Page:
According to a recent study published in Science Advances, Japanese researchers showed that a low protein diet can accelerate brain degeneration in mouse models of Alzheimer’s disease. More importantly, they found that Amino LP7 — a supplement containing seven specific amino acids — can slow down brain degeneration and dementia development in these animals. Their work expands on previous studies, which have demonstrated the effectiveness of Amino LP7 in improving cognitive function.
Dementia — a condition involving the extreme loss of cognitive function — is caused by a variety of disorders, including Alzheimer’s disease. According to World Health Organization estimates, approximately 10 million individuals worldwide develop dementia every year, indicating the high psychological and social impact of this condition. Dementia mainly affects older people, and so far, simple and effective strategies for preventing this condition have remained elusive.
Dr. Makoto Higuchi from the National Institutes for Quantum Sciences and Technology, one of the lead scientists on the study, explains, “In older individuals, low protein diets are linked to poor maintenance of brain function. Amino acids are the building blocks of proteins. So, we wanted to understand whether supplementation with essential amino acids can protect the brains of older people from dementia, and if yes, what mechanisms would contribute to this protective effect.”
First, the researchers studied how a low protein diet affects the brain in mouse models of Alzheimer’s disease, which generally demonstrate neurodegeneration and abnormal protein aggregates called “Tau” aggregates in the brain. They found that mice consuming a low protein diet not only showed accelerated brain degeneration but also had signs of poor neuronal connectivity. Interestingly, these effects were reversed after supplementation with Amino LP7, indicating that the combination of seven specific amino acids could inhibit brain damage.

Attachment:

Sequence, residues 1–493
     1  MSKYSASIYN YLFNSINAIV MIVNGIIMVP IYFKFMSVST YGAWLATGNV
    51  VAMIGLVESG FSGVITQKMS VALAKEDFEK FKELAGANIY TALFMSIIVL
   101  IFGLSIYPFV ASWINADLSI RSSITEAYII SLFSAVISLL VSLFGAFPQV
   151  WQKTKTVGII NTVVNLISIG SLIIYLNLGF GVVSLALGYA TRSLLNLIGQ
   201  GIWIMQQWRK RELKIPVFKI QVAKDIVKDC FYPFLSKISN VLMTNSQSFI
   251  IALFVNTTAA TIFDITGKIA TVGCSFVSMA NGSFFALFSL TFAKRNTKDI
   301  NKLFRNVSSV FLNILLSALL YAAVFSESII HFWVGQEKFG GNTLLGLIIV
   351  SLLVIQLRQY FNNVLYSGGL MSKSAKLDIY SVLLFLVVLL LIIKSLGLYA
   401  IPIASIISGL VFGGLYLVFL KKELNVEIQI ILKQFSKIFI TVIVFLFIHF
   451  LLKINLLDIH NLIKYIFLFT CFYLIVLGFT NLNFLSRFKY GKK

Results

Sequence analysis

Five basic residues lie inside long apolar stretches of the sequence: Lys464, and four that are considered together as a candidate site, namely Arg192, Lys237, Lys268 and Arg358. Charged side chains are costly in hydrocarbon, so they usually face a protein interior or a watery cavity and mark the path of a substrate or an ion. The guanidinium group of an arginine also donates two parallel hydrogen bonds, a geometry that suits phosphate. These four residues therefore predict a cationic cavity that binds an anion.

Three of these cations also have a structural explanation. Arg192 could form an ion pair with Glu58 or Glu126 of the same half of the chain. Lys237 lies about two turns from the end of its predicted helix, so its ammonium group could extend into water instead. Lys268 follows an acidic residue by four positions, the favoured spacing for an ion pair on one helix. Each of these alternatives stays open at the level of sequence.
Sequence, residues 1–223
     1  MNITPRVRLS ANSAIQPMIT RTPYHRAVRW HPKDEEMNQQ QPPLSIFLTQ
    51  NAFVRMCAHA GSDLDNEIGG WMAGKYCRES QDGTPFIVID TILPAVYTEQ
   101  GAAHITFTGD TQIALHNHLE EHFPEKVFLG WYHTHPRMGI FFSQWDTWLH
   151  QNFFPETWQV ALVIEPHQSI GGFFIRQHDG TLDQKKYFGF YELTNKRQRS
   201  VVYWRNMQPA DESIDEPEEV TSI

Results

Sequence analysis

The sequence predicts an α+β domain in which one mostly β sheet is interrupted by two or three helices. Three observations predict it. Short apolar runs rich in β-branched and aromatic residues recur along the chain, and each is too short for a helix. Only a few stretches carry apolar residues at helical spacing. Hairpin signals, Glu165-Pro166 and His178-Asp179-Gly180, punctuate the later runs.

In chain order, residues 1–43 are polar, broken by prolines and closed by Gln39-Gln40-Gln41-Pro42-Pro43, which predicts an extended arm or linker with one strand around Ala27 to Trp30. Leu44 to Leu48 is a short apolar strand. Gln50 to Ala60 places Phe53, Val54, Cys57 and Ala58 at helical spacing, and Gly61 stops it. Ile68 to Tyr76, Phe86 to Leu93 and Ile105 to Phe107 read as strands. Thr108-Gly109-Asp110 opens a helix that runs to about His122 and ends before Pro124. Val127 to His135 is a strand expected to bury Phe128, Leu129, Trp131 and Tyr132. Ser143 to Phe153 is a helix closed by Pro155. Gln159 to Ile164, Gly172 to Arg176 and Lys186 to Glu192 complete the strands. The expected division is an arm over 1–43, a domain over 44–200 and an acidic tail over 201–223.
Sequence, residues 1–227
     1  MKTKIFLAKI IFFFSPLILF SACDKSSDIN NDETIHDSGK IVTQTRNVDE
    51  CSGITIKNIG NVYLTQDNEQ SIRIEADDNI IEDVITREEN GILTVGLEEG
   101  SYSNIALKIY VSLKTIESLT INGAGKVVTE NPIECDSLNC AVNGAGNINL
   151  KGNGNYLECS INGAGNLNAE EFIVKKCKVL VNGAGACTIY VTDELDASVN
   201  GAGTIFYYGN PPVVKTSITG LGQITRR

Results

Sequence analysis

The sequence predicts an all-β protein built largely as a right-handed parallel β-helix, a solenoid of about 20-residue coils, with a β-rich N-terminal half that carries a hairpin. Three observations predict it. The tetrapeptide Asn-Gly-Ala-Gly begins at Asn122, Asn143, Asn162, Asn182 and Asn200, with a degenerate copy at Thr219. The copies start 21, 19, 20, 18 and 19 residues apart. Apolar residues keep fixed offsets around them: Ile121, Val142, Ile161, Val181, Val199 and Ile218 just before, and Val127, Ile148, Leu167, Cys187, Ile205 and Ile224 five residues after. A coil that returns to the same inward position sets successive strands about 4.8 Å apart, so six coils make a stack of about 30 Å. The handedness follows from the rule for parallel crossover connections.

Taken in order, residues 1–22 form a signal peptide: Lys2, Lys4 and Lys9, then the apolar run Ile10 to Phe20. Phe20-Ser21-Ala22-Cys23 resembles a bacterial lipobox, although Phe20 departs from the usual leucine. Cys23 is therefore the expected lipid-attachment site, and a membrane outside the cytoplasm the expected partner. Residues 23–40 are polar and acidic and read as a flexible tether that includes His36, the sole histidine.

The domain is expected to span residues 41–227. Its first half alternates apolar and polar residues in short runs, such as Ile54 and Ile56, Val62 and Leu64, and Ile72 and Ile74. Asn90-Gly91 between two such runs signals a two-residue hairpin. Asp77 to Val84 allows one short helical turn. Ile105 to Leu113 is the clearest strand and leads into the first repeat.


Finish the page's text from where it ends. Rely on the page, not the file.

Next, the research team examined how Amino LP7 affects different signs of brain degeneration in the Alzheimer’s model. Untreated mice showed high levels of progressive brain degeneration, but Amino LP7 treatment suppressed neuronal death and thereby reduced brain degeneration, even though the Tau aggregates remained. According to Dr. Akihiko Kitamura, who also led this study, “Tau plaques in the brain are characteristic of Alzheimer’s and most treatments target them. However, we have shown that it is possible to overcome this Tau deposition and prevent brain atrophy via supplementation with Amino LP7.”
Next, to understand how Amino LP7 protects the brain, the researchers comprehensively analyzed the gene-level changes induced by Amino LP7. Their findings were quite encouraging. They observed that Amino LP7 reduces brain inflammation and also prevents kynurenine, an inflammation inducer, from entering the brain, thereby preventing inflammatory immune cells from attacking neurons. They also found that Amino LP7 reduces neuronal death and improves neuronal connectivity, improving brain function.
“These results suggest that essential amino acids can help maintain balance in the brain and prevent brain deterioration. Our study is the first to report that specific amino acids can hinder the development of dementia,” say Dr. Hideaki Sato and Dr. Yuhei Takado, both of whom majorly contributed to the study. “Although our study was performed in mice, it brings hope that amino acid intake could also modify the development of dementias in humans, including Alzheimer’s disease,” they add.
The study by this research group throws open several avenues for better understanding how dementias occur and how they can be prevented. Given that Amino LP7 improves brain function in older people without cognitive impairment, their findings suggest that it could also be effective in people with cognitive dysfunction.
Indeed, this patent-pending supplement could one day help millions worldwide live an improved, dementia-free life.